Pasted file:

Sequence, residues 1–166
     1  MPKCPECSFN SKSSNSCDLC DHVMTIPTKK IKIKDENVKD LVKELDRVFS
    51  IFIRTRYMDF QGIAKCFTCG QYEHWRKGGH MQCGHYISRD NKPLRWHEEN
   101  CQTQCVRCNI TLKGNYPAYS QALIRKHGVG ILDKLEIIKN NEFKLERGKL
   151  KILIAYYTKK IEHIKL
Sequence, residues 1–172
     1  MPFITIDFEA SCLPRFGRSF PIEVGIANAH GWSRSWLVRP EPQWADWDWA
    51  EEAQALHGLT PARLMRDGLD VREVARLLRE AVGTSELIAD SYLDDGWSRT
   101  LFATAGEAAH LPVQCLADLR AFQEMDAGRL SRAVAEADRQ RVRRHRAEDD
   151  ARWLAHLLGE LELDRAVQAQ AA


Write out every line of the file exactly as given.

Sequence, residues 1–166
     1  MPKCPECSFN SKSSNSCDLC DHVMTIPTKK IKIKDENVKD LVKELDRVFS
    51  IFIRTRYMDF QGIAKCFTCG QYEHWRKGGH MQCGHYISRD NKPLRWHEEN
   101  CQTQCVRCNI TLKGNYPAYS QALIRKHGVG ILDKLEIIKN NEFKLERGKL
   151  KILIAYYTKK IEHIKL
Sequence, residues 1–172
     1  MPFITIDFEA SCLPRFGRSF PIEVGIANAH GWSRSWLVRP EPQWADWDWA
    51  EEAQALHGLT PARLMRDGLD VREVARLLRE AVGTSELIAD SYLDDGWSRT
   101  LFATAGEAAH LPVQCLADLR AFQEMDAGRL SRAVAEADRQ RVRRHRAEDD
   151  ARWLAHLLGE LELDRAVQAQ AA